Most Christian fiction brings readers to the edge of an issue and leaves it at that. Rarely have a read a Christian novel that really got their hands dirty with the specifics of messy issues and dissected them, and I think that’s really a shame and a disservice to readers. I wanted December’s Child to lay those things bare. Things like rape, torture, the use of human beings as commodities—all of which are present in the world now but not often discussed—are put on the table in a very detailed way, and out of the bleakness of those circumstances, a story that points to God’s sovereignty emerges. I think it’s an incredibly powerful way to show that which traditional Christian publishing hasn’t come around to accepting yet, but I believe that readers will appreciate it.
What made you want to become an author?
I have always been a voracious reader with an insatiable hunger for more. I remember being about 8 years old when I checked out a Richard Bachman short story collection from the library, and getting that look from the librarian. I devoured that thing, I couldn’t read it fast enough. That was the beginning of my love for King and I knew, reading that book, that I wanted to be an author. I wanted to paint worlds with words so vivid that someone out there would get that chill or that sadness or that heart swell from my words in the same way I could feel all those things from his.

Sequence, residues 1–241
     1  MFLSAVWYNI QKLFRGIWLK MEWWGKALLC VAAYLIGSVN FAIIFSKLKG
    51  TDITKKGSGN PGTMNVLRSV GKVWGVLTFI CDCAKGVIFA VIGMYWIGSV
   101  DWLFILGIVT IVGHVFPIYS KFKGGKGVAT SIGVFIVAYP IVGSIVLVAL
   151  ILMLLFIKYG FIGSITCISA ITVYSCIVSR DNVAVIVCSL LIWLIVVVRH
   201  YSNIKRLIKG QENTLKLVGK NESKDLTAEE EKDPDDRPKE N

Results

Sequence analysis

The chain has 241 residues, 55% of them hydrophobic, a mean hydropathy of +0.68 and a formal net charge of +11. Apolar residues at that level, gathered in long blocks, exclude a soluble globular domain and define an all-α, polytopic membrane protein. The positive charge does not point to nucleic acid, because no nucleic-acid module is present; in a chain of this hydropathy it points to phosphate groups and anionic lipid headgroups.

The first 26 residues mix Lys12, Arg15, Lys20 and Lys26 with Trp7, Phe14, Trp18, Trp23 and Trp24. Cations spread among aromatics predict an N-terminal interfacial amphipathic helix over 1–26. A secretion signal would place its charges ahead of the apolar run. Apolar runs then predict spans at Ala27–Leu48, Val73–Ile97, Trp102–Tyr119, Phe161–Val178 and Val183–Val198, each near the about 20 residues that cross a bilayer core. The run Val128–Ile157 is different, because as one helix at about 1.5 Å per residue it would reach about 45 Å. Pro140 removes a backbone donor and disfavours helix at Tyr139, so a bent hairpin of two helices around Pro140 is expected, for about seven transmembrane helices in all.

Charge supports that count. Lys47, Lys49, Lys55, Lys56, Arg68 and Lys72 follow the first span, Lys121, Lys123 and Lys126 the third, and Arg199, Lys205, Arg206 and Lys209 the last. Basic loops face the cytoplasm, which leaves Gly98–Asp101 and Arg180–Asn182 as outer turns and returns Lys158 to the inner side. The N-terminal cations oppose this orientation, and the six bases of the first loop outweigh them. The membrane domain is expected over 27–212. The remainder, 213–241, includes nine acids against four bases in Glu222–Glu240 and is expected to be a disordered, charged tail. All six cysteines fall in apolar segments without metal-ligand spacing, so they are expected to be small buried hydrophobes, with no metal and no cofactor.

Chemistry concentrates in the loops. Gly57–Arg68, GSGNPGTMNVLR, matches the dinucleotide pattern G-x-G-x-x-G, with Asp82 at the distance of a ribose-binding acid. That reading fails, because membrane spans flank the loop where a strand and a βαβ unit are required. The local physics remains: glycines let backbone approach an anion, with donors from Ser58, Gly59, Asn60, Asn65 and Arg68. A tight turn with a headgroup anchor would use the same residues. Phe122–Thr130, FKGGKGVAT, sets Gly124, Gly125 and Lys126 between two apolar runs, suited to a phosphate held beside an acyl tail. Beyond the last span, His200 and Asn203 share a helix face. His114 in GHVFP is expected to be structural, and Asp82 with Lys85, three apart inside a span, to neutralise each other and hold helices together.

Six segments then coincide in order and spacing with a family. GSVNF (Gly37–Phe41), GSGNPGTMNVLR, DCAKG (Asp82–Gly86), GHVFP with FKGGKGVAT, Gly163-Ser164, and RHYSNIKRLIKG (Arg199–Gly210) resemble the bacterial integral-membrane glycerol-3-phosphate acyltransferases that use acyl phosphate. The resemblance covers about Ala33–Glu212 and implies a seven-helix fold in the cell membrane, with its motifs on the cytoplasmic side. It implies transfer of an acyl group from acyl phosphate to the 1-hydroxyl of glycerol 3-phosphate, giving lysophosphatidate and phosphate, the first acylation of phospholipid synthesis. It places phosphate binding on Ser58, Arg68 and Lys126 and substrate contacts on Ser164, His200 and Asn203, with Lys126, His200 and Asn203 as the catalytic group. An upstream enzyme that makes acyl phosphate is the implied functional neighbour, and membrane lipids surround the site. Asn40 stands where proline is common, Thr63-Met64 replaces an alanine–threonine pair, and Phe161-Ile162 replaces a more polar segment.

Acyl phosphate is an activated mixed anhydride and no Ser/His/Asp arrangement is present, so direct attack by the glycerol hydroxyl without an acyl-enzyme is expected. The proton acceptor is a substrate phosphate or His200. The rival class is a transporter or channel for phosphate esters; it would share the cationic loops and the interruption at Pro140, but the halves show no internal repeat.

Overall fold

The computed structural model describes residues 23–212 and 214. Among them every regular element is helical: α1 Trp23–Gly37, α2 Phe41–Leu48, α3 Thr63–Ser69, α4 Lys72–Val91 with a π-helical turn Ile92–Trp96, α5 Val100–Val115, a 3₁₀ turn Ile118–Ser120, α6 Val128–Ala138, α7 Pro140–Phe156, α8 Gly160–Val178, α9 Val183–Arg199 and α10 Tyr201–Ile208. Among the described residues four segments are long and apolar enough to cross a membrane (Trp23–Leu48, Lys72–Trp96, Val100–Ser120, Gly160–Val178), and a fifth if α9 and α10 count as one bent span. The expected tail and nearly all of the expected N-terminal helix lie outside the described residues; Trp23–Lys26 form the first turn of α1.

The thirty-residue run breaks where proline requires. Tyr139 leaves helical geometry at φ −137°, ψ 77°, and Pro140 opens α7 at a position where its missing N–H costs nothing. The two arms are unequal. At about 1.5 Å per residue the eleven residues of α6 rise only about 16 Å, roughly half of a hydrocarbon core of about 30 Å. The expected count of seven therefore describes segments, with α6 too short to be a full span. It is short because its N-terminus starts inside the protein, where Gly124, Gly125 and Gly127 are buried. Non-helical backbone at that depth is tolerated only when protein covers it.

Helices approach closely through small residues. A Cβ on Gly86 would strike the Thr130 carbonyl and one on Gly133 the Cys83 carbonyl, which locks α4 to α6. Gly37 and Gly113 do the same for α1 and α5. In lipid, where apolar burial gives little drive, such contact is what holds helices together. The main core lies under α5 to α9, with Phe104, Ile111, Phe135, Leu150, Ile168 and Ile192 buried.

What are your typical writing habits?